The concept of healthy eating can be confusing for many people. Many of us eat to please our taste buds alone, failing to fully appreciate the importance of consuming high-quality “fuel” to keep our bodies running in peak condition, and to help us to heal when we’re recovering from an injury. We’ve all had days when we eat more “junk” than we should — cookies, cake, candy, and processed foods, and most of us know that those unhealthy foods leave us lacking in energy, even feeling sluggish.
The first thing to know about inflammation is that a certain degree of it is necessary in order for healing to take place at all. It’s how our immune system attacks anything that it recognizes as foreign, whether it’s an invading microbe, an allergen, or a strange chemical. But when inflammation is out of control — as in the case of a condition like rheumatoid arthritis — then the process becomes damaging rather than healing. Too much inflammation in the body is thought to play a role in obesity, cancer, and heart disease, among other ailments. That means that keeping inflammation at bay should be a priority for nearly everyone, but especially for those who are already overweight, or who have a history of cancer, heart disease, arthritis, or diabetes in their family, or for anybody with allergies. Surprisingly — or perhaps not so surprisingly — the best place to start is with your diet.
Foods That Increase Inflammation
Try to eliminate or minimize your consumption of the following foods that make inflammation worse …
- sweet treats like cakes, candies, cookies, and other baked goods
- sweetened beverages like soda and many fruit juices
- refined foods like white bread, rice, and pasta (unless it’s whole grain pasta)
- foods that are high in saturated fat such as red meat, processed meats like hot dogs, and fried foods
- foods with trans fats such as margarine or shortening
Notice anything interesting about these foods? They’re also the very foods that contribute to obesity, which is itself a risk factor for excess inflammation in the body!
Foods That Decrease Inflammation
Load up your plate with the following inflammation-busting foods …
- Fatty fish like salmon, sardines, tuna, and mackerel contain Omega-3 fatty acids, which have been shown to reduce inflammation
- Fiber-rich whole grains have been shown to reduce levels of C-reactive protein, which is a marker of inflammation in the bloodstream.
- Dark leafy greens like spinach, kale, and collards contain high levels of vitamin E, also shown to reduce inflammation by zapping cytokines (pro-inflammatory molecules)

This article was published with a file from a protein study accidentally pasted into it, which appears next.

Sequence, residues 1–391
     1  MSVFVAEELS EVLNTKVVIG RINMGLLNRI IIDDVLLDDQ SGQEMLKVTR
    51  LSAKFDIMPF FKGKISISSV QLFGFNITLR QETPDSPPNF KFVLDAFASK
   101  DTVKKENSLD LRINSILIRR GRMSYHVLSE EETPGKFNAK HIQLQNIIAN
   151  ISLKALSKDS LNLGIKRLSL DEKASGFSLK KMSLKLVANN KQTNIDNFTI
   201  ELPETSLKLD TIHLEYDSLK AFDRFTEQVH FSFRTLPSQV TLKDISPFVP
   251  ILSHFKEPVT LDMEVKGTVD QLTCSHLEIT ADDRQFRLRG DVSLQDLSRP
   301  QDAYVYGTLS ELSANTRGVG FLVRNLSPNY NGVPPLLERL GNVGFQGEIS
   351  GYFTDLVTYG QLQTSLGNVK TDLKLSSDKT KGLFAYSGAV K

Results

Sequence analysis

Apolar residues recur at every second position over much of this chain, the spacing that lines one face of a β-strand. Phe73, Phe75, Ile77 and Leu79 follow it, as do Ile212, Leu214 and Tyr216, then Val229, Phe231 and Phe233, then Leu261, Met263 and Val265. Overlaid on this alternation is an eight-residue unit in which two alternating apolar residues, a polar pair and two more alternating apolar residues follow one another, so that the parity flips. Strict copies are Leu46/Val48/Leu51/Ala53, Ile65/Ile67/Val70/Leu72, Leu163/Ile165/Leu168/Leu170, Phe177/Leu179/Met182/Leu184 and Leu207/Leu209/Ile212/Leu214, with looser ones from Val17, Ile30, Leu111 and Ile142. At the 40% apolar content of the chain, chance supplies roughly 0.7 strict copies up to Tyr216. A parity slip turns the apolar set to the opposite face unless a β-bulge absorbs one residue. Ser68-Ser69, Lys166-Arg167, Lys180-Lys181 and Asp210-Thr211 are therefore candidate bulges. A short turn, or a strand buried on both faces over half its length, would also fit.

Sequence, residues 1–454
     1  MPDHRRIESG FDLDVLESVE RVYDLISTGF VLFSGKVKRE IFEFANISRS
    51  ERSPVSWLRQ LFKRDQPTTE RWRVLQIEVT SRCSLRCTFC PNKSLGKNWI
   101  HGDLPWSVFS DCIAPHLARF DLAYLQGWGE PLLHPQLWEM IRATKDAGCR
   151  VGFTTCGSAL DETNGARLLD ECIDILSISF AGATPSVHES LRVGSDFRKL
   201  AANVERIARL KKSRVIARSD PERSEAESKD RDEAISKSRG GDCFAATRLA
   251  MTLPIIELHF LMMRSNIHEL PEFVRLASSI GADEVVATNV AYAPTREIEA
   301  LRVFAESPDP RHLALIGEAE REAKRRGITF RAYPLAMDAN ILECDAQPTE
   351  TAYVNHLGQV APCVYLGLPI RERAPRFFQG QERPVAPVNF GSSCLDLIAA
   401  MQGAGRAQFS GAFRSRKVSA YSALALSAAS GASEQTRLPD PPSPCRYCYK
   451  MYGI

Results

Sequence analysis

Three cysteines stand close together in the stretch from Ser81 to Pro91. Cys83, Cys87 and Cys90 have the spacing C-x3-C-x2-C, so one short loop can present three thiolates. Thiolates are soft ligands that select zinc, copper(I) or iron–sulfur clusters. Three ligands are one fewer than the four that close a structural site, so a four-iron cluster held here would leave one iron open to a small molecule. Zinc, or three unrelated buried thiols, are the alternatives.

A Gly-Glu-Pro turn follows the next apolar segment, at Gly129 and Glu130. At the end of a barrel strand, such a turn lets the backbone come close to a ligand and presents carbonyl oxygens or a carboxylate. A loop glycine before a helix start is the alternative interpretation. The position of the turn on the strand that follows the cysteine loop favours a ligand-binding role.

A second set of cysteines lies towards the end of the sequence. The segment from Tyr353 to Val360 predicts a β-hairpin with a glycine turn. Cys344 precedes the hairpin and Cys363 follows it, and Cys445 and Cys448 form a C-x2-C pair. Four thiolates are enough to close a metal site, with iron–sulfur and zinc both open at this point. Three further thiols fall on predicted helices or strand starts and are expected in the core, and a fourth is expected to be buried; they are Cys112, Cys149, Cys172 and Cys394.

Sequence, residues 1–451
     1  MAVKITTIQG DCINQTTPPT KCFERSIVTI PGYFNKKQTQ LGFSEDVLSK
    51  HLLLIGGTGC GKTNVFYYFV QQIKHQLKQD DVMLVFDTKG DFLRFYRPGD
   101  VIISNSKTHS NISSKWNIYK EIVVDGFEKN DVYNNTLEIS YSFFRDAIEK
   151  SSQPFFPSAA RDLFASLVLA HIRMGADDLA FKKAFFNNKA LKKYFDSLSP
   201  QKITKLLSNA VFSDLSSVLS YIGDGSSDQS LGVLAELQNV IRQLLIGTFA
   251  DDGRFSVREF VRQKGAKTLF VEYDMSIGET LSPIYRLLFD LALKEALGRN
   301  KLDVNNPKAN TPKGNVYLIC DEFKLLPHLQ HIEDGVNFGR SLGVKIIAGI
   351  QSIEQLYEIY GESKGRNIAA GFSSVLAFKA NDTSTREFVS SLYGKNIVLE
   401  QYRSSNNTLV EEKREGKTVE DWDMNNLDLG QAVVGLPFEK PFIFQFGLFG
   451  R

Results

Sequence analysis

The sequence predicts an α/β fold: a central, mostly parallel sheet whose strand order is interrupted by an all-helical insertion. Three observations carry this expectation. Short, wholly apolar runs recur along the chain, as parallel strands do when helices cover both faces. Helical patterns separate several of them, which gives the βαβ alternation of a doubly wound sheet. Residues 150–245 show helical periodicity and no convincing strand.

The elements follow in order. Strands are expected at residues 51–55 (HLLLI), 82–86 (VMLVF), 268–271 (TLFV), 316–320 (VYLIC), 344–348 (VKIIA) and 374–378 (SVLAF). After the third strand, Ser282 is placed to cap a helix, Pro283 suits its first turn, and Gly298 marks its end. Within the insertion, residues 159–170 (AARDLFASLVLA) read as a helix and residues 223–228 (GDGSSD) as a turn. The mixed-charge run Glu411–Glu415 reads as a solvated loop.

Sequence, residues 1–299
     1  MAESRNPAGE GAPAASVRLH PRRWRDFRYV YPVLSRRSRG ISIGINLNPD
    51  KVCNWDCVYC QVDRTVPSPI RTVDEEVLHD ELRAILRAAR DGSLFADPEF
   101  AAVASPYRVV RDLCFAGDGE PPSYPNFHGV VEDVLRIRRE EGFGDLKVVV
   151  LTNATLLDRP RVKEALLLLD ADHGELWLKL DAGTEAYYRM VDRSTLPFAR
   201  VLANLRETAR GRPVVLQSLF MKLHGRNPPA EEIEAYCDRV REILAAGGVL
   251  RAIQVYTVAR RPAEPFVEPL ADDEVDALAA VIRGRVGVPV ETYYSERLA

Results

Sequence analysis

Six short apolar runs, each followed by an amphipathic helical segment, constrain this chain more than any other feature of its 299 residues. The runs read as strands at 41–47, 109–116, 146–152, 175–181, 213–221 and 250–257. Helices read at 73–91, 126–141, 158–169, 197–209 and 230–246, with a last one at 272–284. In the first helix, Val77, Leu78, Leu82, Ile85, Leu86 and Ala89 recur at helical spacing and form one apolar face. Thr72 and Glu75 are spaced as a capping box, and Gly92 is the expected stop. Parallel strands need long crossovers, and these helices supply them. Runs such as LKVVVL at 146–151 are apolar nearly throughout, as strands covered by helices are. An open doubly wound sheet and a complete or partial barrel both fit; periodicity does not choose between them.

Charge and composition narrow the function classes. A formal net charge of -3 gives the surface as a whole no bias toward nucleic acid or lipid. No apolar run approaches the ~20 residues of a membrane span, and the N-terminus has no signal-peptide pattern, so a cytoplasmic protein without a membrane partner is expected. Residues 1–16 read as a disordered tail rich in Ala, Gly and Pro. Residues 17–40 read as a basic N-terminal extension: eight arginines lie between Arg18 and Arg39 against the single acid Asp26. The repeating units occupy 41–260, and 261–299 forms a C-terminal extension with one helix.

- Nuts of all kinds are full of antioxidants that help the body both fight off and repair the damage done by inflammation.
Note that all of these foods are part of the Mediterranean Diet, which some research has shown can reduce inflammation in the body in as little as 6 weeks.
The Role of Fats, Carbohydrates, and Protein
Some weight-loss diets encourage adherents to eschew fats and carbs and load up on proteins, but a really healthy eating diet, which includes fats, carbohydrates, and proteins from the right sources and in the right quantities will help stabilize weight and will help your body to maintain balance and health.
- A healthy diet includes fats, which are necessary for absorbing certain micronutrients and protecting cells and organs. The best fats to consume are the unsaturated variety found in olive and canola oils, fish, nuts, and low-fat dairy foods. Limit your fat intake to about 20% of your daily calories.
- Carbohydrates are the body’s main source of energy, and an important part of a healthy, balanced diet. Because they provide most of your energy, you’ll naturally need more of them in your diet than either fats or proteins. Aim to consume 60% of your daily calories from healthy, complex carbohydrates such as fresh fruits, vegetables, and whole grains.
- Protein is necessary for growing tissue, and building and repairing muscles. Proteins also help to keep your immune system functioning properly. About 20% of your daily calories should be lean proteins such as roasted poultry, grilled or broiled fish, low-fat dairy, and lean cuts of red meat. You can also get some extra-lean protein from nuts and beans.
Want to learn more about how good nutrition and healthy eating can help you heal from an injury? Visit us at Cawley Physical Therapy and rehab and feel free to contact us with questions or for more healthy eating recommendations and advice. Give us a call at 570-208-2787 or drop us an e-mail at firstname.lastname@example.org anytime!